Last week's haul & some questions

From: <(>
Date: Tue Aug 15 15:58:15 2000

A few weeks ago I got a call from a company (I know a lot of the
folks there) saying they wanted to get rid of the DEC library.
That amounted to a carload of books and tapes. I asked if they
were getting rid of the books, then what about the equipment.
They said as soon as the paperwork comes through. Later I sent
them an email asking that they not tear down the equipment, but
rather let me know as soon as possible and I will tear it down
and have it out of their way pronto. That way I could make notes
as what goes with what. They agreed.

When I went in to get the equipment last week, they had left the
stuff intact and went even one better. They ran a printout of
DEC stuff off their inventory database and handed that to me.
They also took digital photos of the equipment showing all the
cabling, printed those and handed them to me also. They also
pulled all the boxes of DEC spares, cables, adapters, etc. and
set them out for me. This beats dumpster diving to hell & back.

Books - A complete set of Ultrix books & a few hardware manuals.
When I picked up the equipment they allowed me to rummage through
their library and snatch any DEC manuals they had overlooked earlier.

DEC Eq. - Some 5000's (/133 & /200), a couple DS3100, 8 expansion
boxes containing 9 RZ drives and 4 tape drives, and associated
keyboards, mice and cables.

Q: The 5000/133 has the space to mount a couple RX2x drives. Of
course I need mounting brackets. I thought I would try to locate
a couple before concocting my own. Anybody got a part number for
that mounting bracket, or any clues as to where you can locate
things like this? I can scrounge the equipment, but the piddly
stuff like this and some cables are often harder to find.

Non DEC - They decided to get rid of another box. It is a tape
duplicator, and at first was skeptical of hauling home something
that may prove more hassles than worth. After opening it up, I
went tee-hee tee-hee. It is a tower case, only BIG. Has a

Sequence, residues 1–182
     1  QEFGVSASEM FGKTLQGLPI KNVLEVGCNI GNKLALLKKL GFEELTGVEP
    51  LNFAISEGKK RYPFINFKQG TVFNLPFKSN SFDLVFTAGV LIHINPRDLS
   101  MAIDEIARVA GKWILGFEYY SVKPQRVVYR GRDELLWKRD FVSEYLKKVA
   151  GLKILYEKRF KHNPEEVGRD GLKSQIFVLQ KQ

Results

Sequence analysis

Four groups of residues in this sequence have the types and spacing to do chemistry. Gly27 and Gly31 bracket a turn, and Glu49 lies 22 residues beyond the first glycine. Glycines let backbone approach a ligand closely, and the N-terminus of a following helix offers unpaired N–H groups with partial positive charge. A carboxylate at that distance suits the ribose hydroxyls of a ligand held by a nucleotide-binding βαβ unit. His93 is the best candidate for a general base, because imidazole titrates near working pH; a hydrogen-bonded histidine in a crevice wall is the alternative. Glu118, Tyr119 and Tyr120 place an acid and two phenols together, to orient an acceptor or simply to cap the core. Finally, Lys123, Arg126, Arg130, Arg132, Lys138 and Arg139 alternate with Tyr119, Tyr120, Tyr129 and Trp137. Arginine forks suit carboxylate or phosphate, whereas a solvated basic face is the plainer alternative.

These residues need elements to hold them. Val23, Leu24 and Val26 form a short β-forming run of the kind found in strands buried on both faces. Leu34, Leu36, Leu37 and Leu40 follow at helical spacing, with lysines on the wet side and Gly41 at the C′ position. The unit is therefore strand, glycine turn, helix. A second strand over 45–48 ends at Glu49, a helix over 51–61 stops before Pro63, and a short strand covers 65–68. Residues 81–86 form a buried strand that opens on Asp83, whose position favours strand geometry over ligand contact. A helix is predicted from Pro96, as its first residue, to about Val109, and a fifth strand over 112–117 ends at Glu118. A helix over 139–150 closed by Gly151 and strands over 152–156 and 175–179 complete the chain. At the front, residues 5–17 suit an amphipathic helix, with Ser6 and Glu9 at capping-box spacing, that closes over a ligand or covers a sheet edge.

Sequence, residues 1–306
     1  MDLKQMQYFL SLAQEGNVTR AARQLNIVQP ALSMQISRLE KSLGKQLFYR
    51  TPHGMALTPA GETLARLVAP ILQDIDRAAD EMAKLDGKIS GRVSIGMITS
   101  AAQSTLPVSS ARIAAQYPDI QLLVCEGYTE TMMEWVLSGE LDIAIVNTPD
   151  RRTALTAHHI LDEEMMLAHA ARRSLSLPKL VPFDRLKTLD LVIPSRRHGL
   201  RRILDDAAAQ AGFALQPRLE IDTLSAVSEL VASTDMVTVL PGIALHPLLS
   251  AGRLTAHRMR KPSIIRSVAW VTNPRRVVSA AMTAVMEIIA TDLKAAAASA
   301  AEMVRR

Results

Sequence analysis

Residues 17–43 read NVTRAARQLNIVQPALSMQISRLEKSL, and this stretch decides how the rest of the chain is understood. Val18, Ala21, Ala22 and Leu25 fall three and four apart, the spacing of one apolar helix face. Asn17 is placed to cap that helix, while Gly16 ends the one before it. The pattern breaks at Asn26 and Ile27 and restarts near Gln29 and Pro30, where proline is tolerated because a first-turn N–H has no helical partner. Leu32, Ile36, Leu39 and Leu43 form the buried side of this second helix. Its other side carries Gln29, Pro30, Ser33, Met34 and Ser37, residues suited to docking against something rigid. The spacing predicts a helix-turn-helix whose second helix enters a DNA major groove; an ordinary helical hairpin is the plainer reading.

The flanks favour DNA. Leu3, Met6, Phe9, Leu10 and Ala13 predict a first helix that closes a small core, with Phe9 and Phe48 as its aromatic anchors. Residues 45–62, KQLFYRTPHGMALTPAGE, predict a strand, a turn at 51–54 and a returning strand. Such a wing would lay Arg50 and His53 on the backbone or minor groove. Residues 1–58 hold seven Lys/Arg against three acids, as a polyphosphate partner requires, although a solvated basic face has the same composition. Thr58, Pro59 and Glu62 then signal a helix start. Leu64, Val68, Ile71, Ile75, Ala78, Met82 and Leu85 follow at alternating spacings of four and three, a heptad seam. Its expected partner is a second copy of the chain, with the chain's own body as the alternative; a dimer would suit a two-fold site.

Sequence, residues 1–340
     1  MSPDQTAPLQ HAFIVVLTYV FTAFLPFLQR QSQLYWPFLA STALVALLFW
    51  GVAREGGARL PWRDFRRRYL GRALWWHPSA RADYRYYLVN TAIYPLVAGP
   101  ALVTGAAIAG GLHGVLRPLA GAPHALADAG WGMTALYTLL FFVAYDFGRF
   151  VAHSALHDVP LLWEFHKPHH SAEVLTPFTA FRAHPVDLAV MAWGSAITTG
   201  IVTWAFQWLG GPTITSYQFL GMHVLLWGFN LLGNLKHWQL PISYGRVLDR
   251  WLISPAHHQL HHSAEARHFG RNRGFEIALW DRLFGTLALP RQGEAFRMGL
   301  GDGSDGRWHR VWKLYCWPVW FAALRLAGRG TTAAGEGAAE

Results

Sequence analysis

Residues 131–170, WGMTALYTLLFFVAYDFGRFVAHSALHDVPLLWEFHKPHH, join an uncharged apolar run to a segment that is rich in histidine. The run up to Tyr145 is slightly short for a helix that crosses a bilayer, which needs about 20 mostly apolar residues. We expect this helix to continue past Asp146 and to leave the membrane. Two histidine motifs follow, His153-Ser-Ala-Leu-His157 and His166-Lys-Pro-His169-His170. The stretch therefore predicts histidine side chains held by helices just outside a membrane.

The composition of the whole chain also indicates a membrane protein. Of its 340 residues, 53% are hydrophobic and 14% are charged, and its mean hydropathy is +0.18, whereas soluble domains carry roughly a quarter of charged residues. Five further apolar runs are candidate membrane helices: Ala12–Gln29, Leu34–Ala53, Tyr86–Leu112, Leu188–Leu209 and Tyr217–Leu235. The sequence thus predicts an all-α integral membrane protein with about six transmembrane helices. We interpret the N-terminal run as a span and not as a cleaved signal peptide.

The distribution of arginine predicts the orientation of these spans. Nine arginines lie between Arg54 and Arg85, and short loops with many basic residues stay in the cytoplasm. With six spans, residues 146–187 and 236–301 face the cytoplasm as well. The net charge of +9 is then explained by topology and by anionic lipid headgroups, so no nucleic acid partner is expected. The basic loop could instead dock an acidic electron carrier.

20 slot ISA-AT bus, one of those industrial strength jobs. In
that is a 386/33 CPU board, a couple I/O boards and I believe
multiple SCSI cards. There is a Seagate ST21400 hard drive in
the bottom. Out front is the drive bays with room for 11 half
height drives. Mounted there is two TZ30's, two 1/4" cartridge
drives 525mb, and two drives which I think are 8mm, and 1 lowly
3.5 floppy. On the back are: 5 pin Din, 9 pin serial, and 15 pin
video connector. With that I then realized this is nothing more
than a big Intel box, probably loaded with MS-DOS, maybe Windows,
and apparently the software needed to duplicate multiple tape
formats. The latest date code I could find was '95. I have not
fired it up yet, but this may prove to be a nice box to have around.

The catch is no documentation. In fact I can not even find a
model/serial no tag on it anywhere. All I know is that it was
made by a outfit called Duplication Technology, located in Boulder.

(1 hour later)

Darn, I love this technology. A web search yield a phone no that
led to a gal who knew the history of the original company, and who
gave another phone no. That led to the engineer in another company
who put this thing together. I gave him the name of the company
(back when it was purchased) and he pulled it up on his database and
rattled the specs. No model/serial because each was custom built for
the customer.

The two drives in question are indeed 8mm, but only support the 8200
format. Can anybody enlighten me on that, who used that format, etc.

The kicker was that he offered me $75-100 ea for some of the drives.
His stock to support legacy systems is dwindling.

Received on Tue Aug 15 2000 - 15:58:15 BST

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